Once all the panels were repaired, the next step was to put some chicken wire over the panels to stop the sheep stepping through the panels.  This was achieved by rolling out some short lengths of old chicken wire and nailing it to the panels.

It sounds easier than it was.  The timber was so hard, I needed to pre-drill the holes for the nails!  Finally it was all done – and our yards are now multi-purpose!

Of course not all yards will be as easy to convert as ours were.  In some cases, you might be better off starting from scratch.  It all depends what condition your yards are in, and whether the layout will work for you.  Good luck – and I hope you have as much fun repairing your yards as I did.

 

How to tie a Cobb and Co Hitch

This knot is called a Cobb and Co Hitch or Cocky’s Hitch. It is used to tie timber together, however has a multitude of uses.  It needs little more than a length of wire and a pair of pliers to twist the knot.  It is particularly useful when constructing or repairing timber cattle or sheep yards.

When working with wire under tension, you should wear appropriate safety clothing such as eye protection and gloves.

Step One: Cut a length of wire a little over twice the length required to go around the joint.  Fold it in half.

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Step Two: Pass the wire around the joint.  In this case a hole was drilled in one part of the post, and a notch cut on the other side.  Pass the loop or bight over the other end of the wire.

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Step Three: Pass your pliers handle through the bight to act as your lever.  If you have rubber grips on your handles, use an old bolt of piece of rod steel.

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Step Four: Using the handle as a lever, twist the loop or bight over the other end of the wire.  Keep twisting until you have enough tension on the joint.  If you go too far, you will break the wire and have to start again.

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Step Five:  Tidy up loose ends, cut off the long tails and admire your work.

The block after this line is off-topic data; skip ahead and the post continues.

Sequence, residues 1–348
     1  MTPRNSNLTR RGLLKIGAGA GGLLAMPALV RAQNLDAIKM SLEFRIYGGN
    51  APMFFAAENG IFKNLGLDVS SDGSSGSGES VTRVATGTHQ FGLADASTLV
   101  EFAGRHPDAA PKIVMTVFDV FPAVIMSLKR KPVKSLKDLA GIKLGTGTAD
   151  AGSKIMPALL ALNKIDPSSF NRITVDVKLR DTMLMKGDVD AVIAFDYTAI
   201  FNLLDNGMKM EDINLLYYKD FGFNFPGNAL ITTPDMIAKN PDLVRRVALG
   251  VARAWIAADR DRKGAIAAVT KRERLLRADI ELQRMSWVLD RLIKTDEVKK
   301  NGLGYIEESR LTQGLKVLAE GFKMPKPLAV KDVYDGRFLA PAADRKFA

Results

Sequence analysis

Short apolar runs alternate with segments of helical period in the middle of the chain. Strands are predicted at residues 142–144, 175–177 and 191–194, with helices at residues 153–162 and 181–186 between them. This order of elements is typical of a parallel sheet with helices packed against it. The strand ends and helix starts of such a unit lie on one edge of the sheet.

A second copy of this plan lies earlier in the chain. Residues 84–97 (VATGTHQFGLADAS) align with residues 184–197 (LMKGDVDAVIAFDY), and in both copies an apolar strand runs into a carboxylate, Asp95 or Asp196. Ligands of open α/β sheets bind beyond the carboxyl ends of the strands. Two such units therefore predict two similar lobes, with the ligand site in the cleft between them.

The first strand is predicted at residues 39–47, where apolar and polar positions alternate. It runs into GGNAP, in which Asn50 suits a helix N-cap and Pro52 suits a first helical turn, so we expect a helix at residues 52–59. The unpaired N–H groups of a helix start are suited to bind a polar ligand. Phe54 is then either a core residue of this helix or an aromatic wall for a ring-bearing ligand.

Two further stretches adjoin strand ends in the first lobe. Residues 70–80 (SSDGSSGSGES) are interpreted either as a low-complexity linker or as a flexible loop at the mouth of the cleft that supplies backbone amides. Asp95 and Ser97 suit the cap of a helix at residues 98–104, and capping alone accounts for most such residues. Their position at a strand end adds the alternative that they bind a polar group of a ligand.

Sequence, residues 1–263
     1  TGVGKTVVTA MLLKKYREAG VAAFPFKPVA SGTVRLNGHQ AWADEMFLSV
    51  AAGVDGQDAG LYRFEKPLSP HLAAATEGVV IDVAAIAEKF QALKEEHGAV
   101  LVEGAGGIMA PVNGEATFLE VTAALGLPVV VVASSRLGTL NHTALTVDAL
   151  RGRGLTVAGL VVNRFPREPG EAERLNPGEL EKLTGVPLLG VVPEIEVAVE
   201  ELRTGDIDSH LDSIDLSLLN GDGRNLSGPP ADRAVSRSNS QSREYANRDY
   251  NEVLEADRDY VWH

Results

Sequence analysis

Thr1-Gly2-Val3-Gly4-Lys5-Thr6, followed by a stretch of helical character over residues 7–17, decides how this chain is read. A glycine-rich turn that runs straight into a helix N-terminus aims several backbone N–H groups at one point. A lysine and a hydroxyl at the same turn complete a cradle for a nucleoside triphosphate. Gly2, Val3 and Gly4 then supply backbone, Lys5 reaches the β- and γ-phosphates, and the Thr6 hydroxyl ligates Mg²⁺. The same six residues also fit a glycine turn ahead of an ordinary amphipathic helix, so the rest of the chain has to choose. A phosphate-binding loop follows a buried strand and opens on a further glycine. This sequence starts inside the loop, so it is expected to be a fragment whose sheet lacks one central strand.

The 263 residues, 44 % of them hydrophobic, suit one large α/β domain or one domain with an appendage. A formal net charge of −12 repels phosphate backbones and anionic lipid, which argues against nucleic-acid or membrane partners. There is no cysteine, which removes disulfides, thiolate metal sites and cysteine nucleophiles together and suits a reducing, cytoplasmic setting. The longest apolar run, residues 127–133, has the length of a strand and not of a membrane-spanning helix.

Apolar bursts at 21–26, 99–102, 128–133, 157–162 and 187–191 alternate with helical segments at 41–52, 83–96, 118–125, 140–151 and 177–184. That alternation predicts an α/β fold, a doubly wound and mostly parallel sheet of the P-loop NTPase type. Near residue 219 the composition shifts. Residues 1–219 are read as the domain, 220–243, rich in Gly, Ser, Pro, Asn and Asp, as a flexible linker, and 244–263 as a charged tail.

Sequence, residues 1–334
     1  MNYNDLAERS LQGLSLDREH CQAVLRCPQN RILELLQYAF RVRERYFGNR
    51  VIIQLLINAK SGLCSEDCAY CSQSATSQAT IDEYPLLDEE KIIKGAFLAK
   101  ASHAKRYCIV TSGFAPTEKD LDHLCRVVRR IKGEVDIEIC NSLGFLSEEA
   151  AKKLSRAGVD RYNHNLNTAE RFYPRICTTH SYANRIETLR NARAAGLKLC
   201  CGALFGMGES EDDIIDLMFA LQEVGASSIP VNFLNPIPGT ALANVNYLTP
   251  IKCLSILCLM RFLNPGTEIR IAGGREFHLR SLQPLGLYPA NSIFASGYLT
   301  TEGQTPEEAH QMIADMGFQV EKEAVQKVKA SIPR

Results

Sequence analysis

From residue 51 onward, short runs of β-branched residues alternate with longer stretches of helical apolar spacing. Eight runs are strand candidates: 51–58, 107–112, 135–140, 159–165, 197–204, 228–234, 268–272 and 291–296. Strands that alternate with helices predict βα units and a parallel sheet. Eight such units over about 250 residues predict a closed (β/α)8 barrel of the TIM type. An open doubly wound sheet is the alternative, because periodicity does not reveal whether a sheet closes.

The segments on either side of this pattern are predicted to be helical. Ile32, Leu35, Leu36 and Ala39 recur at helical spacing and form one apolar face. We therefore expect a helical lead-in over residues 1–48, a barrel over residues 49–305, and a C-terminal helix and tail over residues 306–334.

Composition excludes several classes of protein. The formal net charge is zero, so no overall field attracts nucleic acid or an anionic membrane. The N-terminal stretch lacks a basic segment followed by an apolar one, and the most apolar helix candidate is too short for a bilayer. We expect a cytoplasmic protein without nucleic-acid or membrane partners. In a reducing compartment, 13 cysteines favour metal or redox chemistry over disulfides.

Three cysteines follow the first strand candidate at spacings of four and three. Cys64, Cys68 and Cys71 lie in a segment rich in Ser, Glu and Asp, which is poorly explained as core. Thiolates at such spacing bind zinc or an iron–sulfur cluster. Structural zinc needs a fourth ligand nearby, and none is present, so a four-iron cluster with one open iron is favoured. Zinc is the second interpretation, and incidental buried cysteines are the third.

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Step six: Repeat as often as required.

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If a more structural hitch is required, the wire can be passed diagonally around the joint, across the grains.  If you do two of these knots, forming an X shape, you will have a very strong hitch indeed.

What are the best sheep for hobby farming?

We often get asked what stock we are running on the Rock Farm?  Whilst the property had previously run cattle, we chose to run shedding meat sheep for a couple of reasons:

  •  Shedding sheep do not require shearing and are less susceptible to fly strike than their wool bearing cousins
  • We don’t need to invest in shearing infrastructure or arrange transport to and from a shearing shed annually
  • Sheep are quicker growing than cattle
  • We are able to slaughter our sheep without external assistance (cattle are much larger and difficult to slaughter on farm)
  • Lamb is one of our favourite meals.

Shedding meat sheep have risen in popularity in Australia over the past ten years or so and many breeds are now available.  With plenty of choice available, it is hard to know which is the best sheep for hobby farming.

In my mind, the best sheep for hobby farming must be hardy, quick growing and a proven performer on native pastures.  They must also be easy to manage and low maintenance.  We asked many producers in our local area what type of sheep they were running, and eventually settled on the Wiltipoll.

Wiltipoll Sheep

The Wiltipoll is a breed developed in Australia.  They are large easy care sheep, and may weigh up to 125kg in reasonable conditions.  The ewes breed seasonally and are known as good mothers, with a high percentage of multiple births.  They are also known to perform well on poor or rougher country that normally carries Merino wethers. They seemed to be the perfect sheep for hobby farmers like us.